Benchmark indices, S&P BSE Sensex and Nifty 50 index, that have moved up around 19 per cent and 20 per cent, respectively thus far in the June quarter are poised to record their sharpest quarterly gain in past one decade. Earlier, in June 2009 quarter, both these indices had rallied 49 per cent and 42 per cent, respectively.
The liquidity-driven rally also lifted shares of smallcap and midcap companies that are poised for their biggest quarterly gain in six years. Thus far in April- June quarter, the S&P BSE Smallcap index has rallied 29.8 per cent and S&P BSE Midcap index soared 23.7— the most since June 2014 quarter when it had gained 35.6 per cent and 32.4 per cent, respectively after the Narendra Modi-led government assumed power at the centre.
The rally in the June 2020 quarter in the small and mid-cap indices, however, comes on the back of 29 per cent to 30 per cent fall in the January – March 2020 quarter due to Coronavirus outbreak, data show.
Meanwhile, foreign portfolio investors (FPIs) have pumped in a net amount of $3.9 billion (Rs 29,621 crore) in Indian equities during the June quarter, NSDL data show. Mutual funds, on the other hand, were net sellers to the tune of Rs 4,801 crore.
“The rally since the past few months has been mostly fueled by liquidity, which is likely to end soon. That said, it will be a prudent strategy to take some money off the table, especially in the mid-and small-cap segments,” advises A K Prabhakar, head of research at IDBI Capital.
Among the large-caps, 13 out of the 30 stocks that comprise the S&P BSE Sensex beat the benchmark index by gaining an over 19 per cent during the quarter. In the smallcap basket, of the 711 stocks from the index, 77 have seen their market price more than double from March 31 levels. On the other hand, out of 101 midcaps in the S&P BSE Midcap index, 49 outperformed the index by gaining over 25 per cent in the June quarter, data show.
Over the next couple of months, Prabhakar expects the liquidity to dry up as overseas markets correct, which in turn can trigger a correction back home. “I suggest investors avoid stocks of banks, non-bank financial companies (NBFCs) and microfinance institutions (MFIs). They have seen a good run since the past few weeks and are now prone to correction,” he says.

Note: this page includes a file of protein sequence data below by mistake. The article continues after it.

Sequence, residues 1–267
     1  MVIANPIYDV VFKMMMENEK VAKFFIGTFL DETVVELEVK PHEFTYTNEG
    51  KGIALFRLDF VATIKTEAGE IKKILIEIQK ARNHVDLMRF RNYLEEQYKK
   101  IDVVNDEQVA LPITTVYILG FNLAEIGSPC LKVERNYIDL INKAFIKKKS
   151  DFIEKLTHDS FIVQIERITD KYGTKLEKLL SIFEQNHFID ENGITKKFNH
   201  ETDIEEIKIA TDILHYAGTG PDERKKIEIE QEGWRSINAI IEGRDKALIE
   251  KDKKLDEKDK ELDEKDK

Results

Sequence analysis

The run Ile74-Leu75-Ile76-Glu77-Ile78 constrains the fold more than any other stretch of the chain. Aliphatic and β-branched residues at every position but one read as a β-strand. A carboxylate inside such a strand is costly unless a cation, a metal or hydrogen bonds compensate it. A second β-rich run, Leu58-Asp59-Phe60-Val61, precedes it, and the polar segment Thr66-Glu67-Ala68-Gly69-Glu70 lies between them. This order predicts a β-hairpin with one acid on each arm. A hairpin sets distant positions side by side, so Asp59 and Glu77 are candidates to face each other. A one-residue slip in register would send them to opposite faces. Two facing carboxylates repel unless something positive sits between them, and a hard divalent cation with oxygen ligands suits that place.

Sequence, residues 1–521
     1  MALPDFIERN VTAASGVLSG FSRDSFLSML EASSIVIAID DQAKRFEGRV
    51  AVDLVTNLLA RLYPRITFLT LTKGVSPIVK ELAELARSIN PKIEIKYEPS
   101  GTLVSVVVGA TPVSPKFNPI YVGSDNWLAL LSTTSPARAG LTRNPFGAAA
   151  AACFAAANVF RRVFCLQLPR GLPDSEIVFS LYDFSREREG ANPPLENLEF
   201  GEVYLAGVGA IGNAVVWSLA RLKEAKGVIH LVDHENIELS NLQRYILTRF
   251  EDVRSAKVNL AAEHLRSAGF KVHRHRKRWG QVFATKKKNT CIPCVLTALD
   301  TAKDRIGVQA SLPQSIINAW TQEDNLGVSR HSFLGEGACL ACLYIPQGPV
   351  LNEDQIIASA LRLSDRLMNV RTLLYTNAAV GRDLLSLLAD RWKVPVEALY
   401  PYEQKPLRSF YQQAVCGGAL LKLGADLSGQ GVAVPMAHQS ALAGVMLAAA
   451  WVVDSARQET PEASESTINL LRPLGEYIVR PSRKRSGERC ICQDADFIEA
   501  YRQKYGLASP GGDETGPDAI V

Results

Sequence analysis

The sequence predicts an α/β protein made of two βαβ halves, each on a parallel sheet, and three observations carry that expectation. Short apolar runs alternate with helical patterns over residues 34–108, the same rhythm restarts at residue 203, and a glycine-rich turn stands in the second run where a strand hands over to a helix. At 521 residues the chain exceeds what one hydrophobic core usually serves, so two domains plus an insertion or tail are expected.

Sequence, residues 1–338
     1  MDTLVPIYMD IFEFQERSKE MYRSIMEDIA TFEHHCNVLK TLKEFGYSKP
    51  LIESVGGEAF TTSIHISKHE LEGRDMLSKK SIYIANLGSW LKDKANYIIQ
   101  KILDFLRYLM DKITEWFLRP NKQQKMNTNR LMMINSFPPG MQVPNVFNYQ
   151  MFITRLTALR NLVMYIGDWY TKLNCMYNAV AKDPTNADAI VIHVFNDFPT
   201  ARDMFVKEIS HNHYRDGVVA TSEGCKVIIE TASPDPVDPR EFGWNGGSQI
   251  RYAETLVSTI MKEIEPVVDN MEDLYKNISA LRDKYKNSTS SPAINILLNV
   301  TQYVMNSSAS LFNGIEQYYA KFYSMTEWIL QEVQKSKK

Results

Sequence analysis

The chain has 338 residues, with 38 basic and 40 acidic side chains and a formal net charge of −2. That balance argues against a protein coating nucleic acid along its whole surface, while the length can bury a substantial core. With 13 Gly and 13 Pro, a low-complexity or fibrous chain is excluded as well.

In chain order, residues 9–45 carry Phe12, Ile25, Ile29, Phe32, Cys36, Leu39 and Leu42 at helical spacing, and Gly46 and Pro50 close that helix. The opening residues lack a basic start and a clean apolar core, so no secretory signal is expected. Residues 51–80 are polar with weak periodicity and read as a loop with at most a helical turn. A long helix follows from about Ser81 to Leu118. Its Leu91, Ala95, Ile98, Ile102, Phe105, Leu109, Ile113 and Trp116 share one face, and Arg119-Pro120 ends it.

However, those at Credit Suisse Wealth Management expect Indian equities to remain well supported if the global rally continues.
“We advise investors not to chase these rallies, remain conservative, and focus on companies having a strong balance-sheet. While the near-term outlook for financials is still weak, we believe any further sharp correction in quality financials could offer a good buying opportunity from a two - three years’ perspective,” wrote Jitendra Gohil, head of India equity research at Credit Suisse Wealth Management in a recent co-authored report with Premal Kamdar, their equity research analyst.
Given the state of the economy and the likely impact of the Covid-19 pandemic on the heath of India Inc, most analysts expect the government to give out more stimulus measures going ahead.
“India Inc is unlikely to revive capex spending as capacity utilisation remains low. The onus, therefore, falls primarily on the government to stimulate growth. So far, the direct growth stimulus is just 1.2 per cent of gross domestic product (GDP) and is not enough to revive growth” says Saion Mukherjee, India Equity Strategist at Nomura.